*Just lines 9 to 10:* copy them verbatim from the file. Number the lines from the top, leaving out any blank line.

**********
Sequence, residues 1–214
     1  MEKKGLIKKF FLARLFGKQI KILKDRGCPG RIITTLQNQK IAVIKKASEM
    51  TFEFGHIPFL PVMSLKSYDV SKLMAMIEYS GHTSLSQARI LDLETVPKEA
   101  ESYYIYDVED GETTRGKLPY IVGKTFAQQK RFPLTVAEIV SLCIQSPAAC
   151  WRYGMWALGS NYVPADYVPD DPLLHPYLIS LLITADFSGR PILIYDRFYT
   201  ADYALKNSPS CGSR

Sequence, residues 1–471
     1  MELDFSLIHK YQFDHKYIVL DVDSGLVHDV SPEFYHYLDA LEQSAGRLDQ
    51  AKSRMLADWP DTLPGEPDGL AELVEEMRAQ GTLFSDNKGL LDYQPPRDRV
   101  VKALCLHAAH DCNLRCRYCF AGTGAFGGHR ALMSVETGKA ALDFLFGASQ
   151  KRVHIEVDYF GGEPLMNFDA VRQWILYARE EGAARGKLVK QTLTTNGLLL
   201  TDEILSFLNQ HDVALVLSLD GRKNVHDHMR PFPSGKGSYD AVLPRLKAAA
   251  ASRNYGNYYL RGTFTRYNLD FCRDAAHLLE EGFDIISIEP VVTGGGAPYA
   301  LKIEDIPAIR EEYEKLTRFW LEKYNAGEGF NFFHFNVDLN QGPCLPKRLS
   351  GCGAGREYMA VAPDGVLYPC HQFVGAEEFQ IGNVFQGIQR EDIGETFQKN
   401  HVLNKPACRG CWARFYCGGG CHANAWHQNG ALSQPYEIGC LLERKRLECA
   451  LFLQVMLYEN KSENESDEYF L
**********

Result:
    51  AKSRMLADWP DTLPGEPDGL AELVEEMRAQ GTLFSDNKGL LDYQPPRDRV
   101  VKALCLHAAH DCNLRCRYCF AGTGAFGGHR ALMSVETGKA ALDFLFGASQ